On Wednesday, April 14th, the Ford County Record in Paxton, Illinois published an editorial written by Leo Morris. He opened the article stating, “None of my best friends is black. Ok, I apologize. I did that just to get your attention.”
His opening statement is ignorant, the grammar is wrong, and it's racially charged. The use of “sensational journalism” is outdated, tacky, and a big chunk of what gives journalists a bad name. This is white privilege and irresponsible journalism at their worst.
The article is titled "Facebook ‘friendship’ is qualified." It has since been buried on the Ford County Record website, but can still be located by Googling "Leo Morris Ford County." It should be noted the Ford County Record does not have an actual editor, but is managed by it’s publishing company Champaign Multimedia Group.
The Champaign Multimedia Group found fit to post Morris’s editorial as Brooklyn Center, Minnesota police officer Kim Potter officially resigned after fatally shooting Daunte Wright.
At the same time, the country watched the defense begin to present their case in the highly publizied trial of Derek Chauvin for the murder of George Floyd after several months of protests nationwide.
While millions were crying for racial justice, Morris found it acceptable to write, “We have become so race conscious in the last couple of years, I figured that sentence would cause everybody to read further...” He continued, proving his ignorance and insensitivity even more, “...if for no other reason to see if I would say something irredeemably stupid.” Morris then proceeded to write the rest of the article about his Facebook preferences.
No need Morris, you’ve already said plenty that is irredeemably stupid. You’ve also told me you are racist and full of white privilege, as well as self-absorbed and completely unaware of the world around you. And all of this was done to merely express your view on something as insignificant as having 100 friends on Facebook.
Morris is an editorial writer who describes himself as “a grouchy weekly columnist for the Indiana Policy Review.” He boasts of an award from the Hoosier Press Association and a nomination for a Pulitzer Prize, which quite frankly surprises and saddens me as someone who has a deep love and respect for journalism. I doubt Morris realizes he's greatly tarnished his journalist title as well as the journalism field. At the very least, he owes an apology and should be reprimanded by his employer.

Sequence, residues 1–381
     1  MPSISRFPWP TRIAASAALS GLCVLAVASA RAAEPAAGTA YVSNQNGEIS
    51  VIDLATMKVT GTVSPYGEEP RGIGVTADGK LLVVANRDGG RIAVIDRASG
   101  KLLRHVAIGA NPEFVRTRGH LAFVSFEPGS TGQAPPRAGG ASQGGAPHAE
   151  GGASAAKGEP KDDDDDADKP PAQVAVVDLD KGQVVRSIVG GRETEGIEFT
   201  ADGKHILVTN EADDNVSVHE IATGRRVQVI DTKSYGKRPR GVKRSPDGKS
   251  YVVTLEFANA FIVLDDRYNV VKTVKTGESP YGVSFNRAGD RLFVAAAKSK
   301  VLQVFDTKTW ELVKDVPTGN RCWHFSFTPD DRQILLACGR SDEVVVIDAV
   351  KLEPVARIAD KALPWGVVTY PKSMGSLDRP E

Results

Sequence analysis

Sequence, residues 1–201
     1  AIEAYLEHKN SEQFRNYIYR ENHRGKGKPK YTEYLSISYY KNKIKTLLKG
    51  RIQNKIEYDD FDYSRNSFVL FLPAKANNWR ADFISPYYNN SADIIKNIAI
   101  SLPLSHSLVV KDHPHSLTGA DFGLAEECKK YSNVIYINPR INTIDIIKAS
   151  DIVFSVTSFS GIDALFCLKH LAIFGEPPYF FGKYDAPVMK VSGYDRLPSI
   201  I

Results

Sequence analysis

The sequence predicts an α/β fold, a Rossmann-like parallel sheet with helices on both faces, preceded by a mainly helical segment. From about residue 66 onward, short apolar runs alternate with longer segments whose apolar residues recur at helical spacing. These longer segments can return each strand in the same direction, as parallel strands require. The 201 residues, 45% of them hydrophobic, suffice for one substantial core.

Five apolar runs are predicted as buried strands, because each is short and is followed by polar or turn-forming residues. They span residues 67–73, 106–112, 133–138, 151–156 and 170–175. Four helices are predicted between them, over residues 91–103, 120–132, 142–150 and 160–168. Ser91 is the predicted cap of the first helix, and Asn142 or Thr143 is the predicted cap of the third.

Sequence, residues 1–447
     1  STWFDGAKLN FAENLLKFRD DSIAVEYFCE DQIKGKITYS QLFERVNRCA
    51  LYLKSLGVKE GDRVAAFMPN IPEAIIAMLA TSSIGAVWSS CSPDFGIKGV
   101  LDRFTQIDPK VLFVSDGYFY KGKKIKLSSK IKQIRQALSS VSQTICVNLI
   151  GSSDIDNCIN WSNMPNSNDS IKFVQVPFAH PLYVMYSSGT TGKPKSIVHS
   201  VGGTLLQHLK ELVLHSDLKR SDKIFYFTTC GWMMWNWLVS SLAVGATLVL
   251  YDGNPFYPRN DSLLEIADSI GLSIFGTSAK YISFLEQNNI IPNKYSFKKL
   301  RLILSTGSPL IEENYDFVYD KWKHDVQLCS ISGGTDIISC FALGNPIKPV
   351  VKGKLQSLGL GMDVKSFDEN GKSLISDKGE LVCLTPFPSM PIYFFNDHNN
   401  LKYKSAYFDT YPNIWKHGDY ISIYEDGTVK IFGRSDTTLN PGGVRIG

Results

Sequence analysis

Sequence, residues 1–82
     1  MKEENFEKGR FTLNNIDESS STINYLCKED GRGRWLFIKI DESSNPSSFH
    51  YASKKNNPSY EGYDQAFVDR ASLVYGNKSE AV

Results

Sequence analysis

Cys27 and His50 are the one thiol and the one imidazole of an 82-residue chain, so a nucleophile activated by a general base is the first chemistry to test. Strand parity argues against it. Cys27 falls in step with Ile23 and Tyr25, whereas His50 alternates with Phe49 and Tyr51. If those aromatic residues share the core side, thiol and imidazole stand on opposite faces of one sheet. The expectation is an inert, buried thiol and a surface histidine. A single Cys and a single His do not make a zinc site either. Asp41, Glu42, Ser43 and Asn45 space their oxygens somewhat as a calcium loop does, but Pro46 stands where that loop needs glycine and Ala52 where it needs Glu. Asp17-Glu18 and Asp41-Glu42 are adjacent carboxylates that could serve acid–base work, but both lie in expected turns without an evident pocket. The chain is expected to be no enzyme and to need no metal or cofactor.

As a child growing up in Ford County, my grandmother worked at the Paxton Daily Record, an early version of the newspaper. I can’t help but think of her rolling in her grave. I doubt these statements would have passed on her watch, and I wonder how this could be allowed or go unnoticed.
Perhaps it is because the population in Ford County is over 96% white, and according to the US Census, does not have a single business reported to be owned by a person of color in the entire county. I doubt the Record has even one subscriber of color.
The same grandmother once coached me in an essay contest about patriotism in grade school. I cried when I lost. Now thinking back, I laugh. The “American Hero” Grandma and I decided on as my subject was Ralph Nader. No essay on Nader was going to win a contest judged in Paxton, where 73% of voters are registered as Republican.
It definitely would not win in Paxton, where in that same grade school white nationalism ran so deeply, my peers actually bragged about having fathers in the Ku Klux Klan and I was taught of our identification as a Sundown Town. Absolutely not in Paxton, where in 2008, a Japanese friend visited me and I was taken aside at the local bar and told I should really be with my own kind.
In that same bar, a few years later, out of town friends gathered after my mother’s funeral. They alerted the staff that someone had carved "white power" into a table. The staff responded with a shrug and walked off.
Exposing the town I was raised in is going to burn a lot of bridges. I am 100% okay with that. For too long this area of Central Illinois’ reputation of epic racism has been overlooked and swept under the rug. It’s beyond time for change.
Please, Ford County, use this moment to show racism, ignorance, and insensitivity will no longer be okay in the community. I speak not just to the Ford County Record, but to the citizens as well. I beg of you, do not let this slide. Do not look the other way. Hold people to be accountable, boycott the newspaper, and demand apologies. Denounce racism in our community.
I first saw Morris’s article as featured by the Ford County Record on an international news app. The whole world can see us, Ford County. Do the right thing.